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NCJ Number: 213375 Find in a Library
Title: Convergence Approach to the Analysis of Political Corruption: A Cross-National Study
Journal: Crime, Law & Social Change  Volume:38  Issue:2  Dated:2002  Pages:137-160
Author(s): Hung-En Sung
Date Published: 2002
Page Count: 24
Type: Research (Theoretical)
Format: Article
Language: English
Country: Netherlands
Annotation: This article develops and tests a convergence approach to the analysis of political corruption.
Abstract: Findings indicated strong support for the propositions derived from the convergence theory. Specifically, the analysis revealed that indicators of structural incentives, risky policies, and a lack of institutional guardians accounted for 90 percent of the variation in the corruption index of the Berlin-based Transparency International (TI), which produces an annual corruption ranking. The findings underscore the importance of tailoring any anti-corruption strategy to the particular circumstances of a country, taking into account both the nature of corruption in that country and the unique opportunities for addressing it. The convergence approach to the analysis of political corruption that was tested draws from two theoretical perspectives: routine activities theory of crime and the tripartite analysis of corruption. The convergence approach holds that the convergence of structural incentives, risky policies, and the lack of effective institutional guardians in time and space creates the opportunities for widespread and systematic corruption. Hypotheses derived from the convergence theory were evaluated. Data were drawn from TI’s annual corruption ranking on 99 countries, which was based on the perceived level of government corruption reported by people working for local multinational firms and institutions. Other data sources included the World Bank’s World Development Report 1999/2000 and several Freedom House research publications. Information on unemployment rates, male suicide rates, and the rule of law index were drawn from the Central Intelligence Agency, the World Health Organization, and the Fraser Institute. Future research should continue to measure and evaluate aspects and dimensions of the problem of political corruption. Tables, notes, references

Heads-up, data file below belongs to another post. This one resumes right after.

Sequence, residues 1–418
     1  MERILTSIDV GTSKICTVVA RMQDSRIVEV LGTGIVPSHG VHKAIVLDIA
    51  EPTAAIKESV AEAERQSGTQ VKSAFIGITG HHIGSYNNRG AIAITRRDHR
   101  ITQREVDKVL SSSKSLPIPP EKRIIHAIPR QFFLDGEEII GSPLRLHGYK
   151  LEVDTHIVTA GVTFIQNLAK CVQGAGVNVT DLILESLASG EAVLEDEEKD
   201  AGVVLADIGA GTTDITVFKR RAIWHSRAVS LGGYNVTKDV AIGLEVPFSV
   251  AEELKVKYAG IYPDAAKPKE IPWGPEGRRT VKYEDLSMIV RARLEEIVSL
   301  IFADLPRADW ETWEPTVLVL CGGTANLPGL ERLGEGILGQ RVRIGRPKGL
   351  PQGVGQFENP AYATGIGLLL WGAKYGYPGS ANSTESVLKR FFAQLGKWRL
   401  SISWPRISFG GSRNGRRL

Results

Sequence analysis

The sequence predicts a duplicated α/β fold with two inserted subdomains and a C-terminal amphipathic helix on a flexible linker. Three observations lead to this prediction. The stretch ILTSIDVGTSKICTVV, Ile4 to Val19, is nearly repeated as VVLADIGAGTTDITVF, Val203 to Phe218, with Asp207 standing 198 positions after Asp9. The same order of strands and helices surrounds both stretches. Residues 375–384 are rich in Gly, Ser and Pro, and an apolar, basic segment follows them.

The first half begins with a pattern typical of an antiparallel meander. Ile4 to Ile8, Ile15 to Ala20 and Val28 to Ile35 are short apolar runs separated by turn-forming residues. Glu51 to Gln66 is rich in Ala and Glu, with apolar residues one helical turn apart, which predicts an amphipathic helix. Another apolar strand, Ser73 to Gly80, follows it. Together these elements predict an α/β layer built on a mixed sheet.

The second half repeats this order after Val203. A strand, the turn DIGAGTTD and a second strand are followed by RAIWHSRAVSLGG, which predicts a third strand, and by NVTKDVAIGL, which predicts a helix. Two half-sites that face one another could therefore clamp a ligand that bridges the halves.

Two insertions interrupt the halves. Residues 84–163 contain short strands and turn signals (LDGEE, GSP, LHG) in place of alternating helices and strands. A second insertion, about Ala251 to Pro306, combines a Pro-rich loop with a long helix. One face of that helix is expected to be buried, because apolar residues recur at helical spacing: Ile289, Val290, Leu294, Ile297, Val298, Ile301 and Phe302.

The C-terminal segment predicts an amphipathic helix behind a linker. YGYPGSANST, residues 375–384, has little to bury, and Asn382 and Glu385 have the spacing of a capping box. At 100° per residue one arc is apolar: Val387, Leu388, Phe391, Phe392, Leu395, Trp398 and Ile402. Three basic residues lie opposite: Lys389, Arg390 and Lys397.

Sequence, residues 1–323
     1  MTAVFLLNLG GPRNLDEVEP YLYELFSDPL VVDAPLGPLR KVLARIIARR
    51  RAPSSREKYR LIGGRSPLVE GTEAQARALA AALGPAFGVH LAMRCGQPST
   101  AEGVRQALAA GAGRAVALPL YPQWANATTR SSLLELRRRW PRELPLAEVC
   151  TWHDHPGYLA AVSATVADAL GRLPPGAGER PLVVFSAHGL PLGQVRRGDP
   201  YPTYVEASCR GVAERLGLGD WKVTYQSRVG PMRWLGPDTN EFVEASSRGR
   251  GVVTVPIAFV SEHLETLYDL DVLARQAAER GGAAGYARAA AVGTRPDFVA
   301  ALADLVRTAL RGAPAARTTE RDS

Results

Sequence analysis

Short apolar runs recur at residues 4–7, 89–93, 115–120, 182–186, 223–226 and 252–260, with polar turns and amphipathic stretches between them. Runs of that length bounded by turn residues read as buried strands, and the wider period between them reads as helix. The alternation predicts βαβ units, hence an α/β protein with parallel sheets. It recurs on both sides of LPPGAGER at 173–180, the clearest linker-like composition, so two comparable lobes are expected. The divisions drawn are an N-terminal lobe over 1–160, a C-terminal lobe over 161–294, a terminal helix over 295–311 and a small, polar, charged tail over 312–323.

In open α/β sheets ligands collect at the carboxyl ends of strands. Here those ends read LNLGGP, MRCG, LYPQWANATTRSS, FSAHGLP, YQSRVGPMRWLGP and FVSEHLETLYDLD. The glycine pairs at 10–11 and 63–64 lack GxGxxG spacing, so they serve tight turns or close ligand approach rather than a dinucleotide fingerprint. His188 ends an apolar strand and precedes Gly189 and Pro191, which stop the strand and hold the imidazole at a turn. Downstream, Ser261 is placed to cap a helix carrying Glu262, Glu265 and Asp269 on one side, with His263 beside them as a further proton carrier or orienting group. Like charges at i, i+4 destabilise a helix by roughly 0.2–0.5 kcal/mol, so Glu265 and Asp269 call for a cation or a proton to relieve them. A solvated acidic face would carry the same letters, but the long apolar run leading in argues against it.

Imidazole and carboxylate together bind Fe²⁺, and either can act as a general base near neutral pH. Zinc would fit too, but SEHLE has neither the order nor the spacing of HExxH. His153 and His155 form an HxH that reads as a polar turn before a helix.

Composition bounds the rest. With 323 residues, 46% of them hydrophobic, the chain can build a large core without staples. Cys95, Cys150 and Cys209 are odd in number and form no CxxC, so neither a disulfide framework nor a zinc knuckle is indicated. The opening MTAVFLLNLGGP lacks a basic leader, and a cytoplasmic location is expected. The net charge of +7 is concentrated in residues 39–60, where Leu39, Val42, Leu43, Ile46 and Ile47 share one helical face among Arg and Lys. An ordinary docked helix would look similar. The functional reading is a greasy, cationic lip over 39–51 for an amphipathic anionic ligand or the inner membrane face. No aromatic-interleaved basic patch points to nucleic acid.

Main Term(s): Corruption of public officials; Theory
Index Term(s): Foreign countries; Routine activity theory
To cite this abstract, use the following link:
http://www.ncjrs.gov/App/publications/abstract.aspx?ID=234871

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